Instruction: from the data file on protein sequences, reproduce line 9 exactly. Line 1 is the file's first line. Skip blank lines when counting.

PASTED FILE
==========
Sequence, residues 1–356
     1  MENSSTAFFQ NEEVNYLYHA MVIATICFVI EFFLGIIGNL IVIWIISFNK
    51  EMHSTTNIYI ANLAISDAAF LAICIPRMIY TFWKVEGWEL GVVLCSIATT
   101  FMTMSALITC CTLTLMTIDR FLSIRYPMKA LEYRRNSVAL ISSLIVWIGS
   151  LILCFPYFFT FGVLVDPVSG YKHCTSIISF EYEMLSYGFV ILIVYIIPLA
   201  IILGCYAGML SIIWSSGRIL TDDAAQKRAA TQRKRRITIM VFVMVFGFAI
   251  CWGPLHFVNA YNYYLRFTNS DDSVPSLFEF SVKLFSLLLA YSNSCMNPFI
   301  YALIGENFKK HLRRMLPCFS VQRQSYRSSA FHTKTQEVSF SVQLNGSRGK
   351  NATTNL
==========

   351  NATTNL